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  Summer 2012
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The Chinese Written Character as a Medium for Poetry

Jeffery Beam

  The Chinese Written Character as a Medium for Poetry: A Critical Edition.
Ernest Fenollosa, Ezra Pound.
Haun Saussy & Jonathan Stalling & Lucas Klein, editor.
Fordham University Press, 2008.
256 pages, $25 (hardcover).
ISBN: 0872860140

What American poet has not read Ezra Pound's edited version of The Chinese Written Character as a Medium for Poetry as critical to understanding contemporary American poetry now as it was soon after Pound published it in 1919? This new scholarly edition allows for comparison of Ernest Fenollosa's original essay with Pound's heavily edited and singularly focused one. Pound's version argued the primary imagistic language of poetry as reflected in Chinese poetry minimizing Fenollosa's more expansive understanding of the poetry's complete aesthetics. As a result it not only influenced the way we have since read Chinese poetry, but also, from the Imagists on, influenced the development of American poetries. Most important was Pound's excision of Fenollosa's equal engagement with sound, and the metaphysical foundation of the Asian mind.

Beautifully produced, the book includes Fenollosa's complete essay and Pound's edited version (complete with Fenollosa and Pound's notes, excisions, and plates), Earlier drafts and related lectures trace the development of Fenollosa's ideas about culture, poetry, and translation. In them Fenollosa discusses Chinese and Japanese culture in relation to poetry and metaphysics, as well as western views of the East, and critical views of Asian and North American societies and their ability to take and learn from each other in the social and political arenas. In retrospect one can see that Fenollosa's polemic formed in part by his understanding of Asian poetics, but also from a sincere interest in Tendai Buddhism and Buddhist ontology.

Fenollosa's critical assessment of what could evolve from a blending of the East and West is perhaps more relevant today than when it was written. [Tendai Buddhism grew from a reconciliation of Japanese Buddhism and culture with its Chinese roots. In Tendai the phenomenal world IS Buddha nature, and the seeker's goal is to recognize it—to live it in the world. As a result the world is not to be abandoned, allowing for an art and aesthetics in which things are seen as they are, but also that "is-ness" reflecting Buddha-nature. The poetic image, the ideogram, describes not only material reality, but Buddhist realization and enlightenment.] Fenollosa's writings attempt to demonstrate this truth:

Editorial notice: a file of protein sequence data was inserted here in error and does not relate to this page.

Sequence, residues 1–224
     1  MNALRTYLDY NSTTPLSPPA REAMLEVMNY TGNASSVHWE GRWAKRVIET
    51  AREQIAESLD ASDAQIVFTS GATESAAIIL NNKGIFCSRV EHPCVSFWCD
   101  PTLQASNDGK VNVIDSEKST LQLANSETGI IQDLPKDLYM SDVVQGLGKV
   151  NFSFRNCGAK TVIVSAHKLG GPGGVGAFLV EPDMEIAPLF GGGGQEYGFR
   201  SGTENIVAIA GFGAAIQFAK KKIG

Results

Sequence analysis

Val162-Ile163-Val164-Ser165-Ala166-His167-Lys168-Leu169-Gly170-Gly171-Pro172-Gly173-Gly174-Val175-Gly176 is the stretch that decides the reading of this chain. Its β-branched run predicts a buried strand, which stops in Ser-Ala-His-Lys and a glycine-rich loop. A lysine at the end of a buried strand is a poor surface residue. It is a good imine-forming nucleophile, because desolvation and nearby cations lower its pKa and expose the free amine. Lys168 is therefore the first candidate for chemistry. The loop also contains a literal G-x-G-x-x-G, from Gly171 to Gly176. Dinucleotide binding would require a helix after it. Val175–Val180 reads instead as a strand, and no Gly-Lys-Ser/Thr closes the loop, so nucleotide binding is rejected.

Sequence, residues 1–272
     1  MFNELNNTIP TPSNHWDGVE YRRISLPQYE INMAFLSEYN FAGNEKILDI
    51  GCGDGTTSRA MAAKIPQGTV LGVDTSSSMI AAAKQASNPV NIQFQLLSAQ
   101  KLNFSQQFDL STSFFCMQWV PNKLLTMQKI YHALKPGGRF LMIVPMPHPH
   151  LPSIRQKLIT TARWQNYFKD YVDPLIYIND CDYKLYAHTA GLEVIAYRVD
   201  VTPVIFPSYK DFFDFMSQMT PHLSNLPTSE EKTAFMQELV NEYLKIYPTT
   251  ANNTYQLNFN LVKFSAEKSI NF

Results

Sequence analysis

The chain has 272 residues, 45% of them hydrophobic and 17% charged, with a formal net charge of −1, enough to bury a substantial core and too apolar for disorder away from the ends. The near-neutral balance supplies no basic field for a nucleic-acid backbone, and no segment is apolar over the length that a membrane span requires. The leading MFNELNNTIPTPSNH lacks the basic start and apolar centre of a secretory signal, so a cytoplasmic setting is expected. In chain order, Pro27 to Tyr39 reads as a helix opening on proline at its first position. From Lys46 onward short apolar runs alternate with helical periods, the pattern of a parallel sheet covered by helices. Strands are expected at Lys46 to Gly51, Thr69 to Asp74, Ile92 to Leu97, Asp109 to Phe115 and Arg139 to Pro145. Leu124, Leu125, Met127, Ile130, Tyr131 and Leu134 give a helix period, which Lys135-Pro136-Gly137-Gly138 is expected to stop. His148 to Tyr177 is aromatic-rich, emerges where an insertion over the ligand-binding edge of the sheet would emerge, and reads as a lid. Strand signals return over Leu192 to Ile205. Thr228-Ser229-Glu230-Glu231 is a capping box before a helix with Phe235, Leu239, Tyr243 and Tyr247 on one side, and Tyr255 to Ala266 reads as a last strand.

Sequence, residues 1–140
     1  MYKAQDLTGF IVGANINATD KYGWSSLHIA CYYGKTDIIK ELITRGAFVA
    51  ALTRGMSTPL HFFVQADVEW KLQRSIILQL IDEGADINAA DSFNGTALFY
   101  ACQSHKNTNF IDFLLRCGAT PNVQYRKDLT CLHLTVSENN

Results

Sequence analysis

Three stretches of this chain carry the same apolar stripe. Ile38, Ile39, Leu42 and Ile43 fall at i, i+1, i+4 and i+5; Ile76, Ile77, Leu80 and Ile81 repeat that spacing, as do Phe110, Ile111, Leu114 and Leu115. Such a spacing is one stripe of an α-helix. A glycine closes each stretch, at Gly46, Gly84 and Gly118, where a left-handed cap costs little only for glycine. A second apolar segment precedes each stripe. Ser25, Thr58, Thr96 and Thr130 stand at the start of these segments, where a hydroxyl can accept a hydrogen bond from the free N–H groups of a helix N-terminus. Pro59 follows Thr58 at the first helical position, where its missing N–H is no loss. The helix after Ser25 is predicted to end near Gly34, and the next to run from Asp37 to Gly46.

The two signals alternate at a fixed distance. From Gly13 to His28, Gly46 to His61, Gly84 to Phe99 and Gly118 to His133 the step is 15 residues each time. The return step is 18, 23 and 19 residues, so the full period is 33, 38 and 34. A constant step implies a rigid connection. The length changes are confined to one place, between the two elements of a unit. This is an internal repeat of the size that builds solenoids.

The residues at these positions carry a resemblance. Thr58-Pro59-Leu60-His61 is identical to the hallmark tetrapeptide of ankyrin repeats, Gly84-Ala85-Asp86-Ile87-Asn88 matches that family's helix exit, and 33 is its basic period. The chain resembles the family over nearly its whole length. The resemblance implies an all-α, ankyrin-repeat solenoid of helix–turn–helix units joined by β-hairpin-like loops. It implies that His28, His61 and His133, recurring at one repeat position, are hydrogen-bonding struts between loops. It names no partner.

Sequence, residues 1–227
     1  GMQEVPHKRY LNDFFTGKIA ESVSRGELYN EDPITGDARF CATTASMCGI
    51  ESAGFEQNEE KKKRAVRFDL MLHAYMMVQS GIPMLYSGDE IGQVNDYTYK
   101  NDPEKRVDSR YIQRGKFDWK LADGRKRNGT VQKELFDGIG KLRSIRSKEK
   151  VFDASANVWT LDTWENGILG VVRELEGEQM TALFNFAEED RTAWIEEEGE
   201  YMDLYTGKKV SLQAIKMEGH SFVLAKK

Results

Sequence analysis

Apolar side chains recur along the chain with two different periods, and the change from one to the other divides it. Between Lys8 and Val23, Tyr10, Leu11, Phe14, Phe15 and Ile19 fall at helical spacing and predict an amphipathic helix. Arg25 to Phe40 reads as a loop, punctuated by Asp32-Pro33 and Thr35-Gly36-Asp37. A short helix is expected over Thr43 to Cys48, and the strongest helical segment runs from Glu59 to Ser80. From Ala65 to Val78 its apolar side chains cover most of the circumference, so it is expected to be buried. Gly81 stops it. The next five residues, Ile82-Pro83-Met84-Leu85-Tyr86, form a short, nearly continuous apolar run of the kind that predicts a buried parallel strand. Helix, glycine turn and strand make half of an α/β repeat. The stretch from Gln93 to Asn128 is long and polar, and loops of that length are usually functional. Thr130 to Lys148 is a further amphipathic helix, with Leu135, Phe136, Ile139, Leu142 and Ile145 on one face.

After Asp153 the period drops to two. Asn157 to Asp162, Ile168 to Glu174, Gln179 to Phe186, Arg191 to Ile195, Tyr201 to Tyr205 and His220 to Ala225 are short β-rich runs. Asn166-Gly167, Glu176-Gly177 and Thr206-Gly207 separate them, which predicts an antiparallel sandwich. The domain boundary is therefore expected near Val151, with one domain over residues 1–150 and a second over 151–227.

A million things are going on together, and to get at the truth we must do as much as we can to think them together. This is what poetry tries to do . . . This is the oriental way of thinking, to think full—not to think empty . . . Now this is just exactly what the comprehensiveness of the Chinese character does. It thinks full . . . Not only does it suggest to the Chinese mind all the individual specimens, or units, that contain the expressed quality [here he's describing the pictorial "dictionary" that Chinese ideograms relay] . . . but that the sum of all these actions by which a thing manifests itself are together and interrelated, and so thing, quality, and act become one rich indistinguishable substance.

But for Fenollosa, it wasn't just the ability of the ideogram to capture the world and all of its associations; sound, too, was important although excised in Pound's version:

All arts follow the same law; refined harmony lies in the delicate balance of the overtones . . . One false radiation, one suspicion of conflict between any two of these overtones, breaks up the magic impression, and deadens art to the commonplace. In this sense Poetry seems a more difficult art than Painting or music, because the overtones of its words, the halos of secondary meanings which cling to them, are struck among the infinite terms of things, vibrating with physical life and the warm wealth of human feeling.

Editor Haun Saussy's introductory essay, "Fenollosa Compounded," articulates this unrevealed fulsomeness in Fenollosa's work, as well as critically providing details and comparisons of Pound's "conversation" through editing with it. Saussy and the other editors Jonathan Stalling and Lucan Klein's work is an essential expansion and supplement to our understanding and appreciation of this influential and pivotal work for American poetry. But it also has given us a thorough understanding of Fenollosa the scholar, without distracting or diminishing the importance of Pound's interaction with the work.

. . .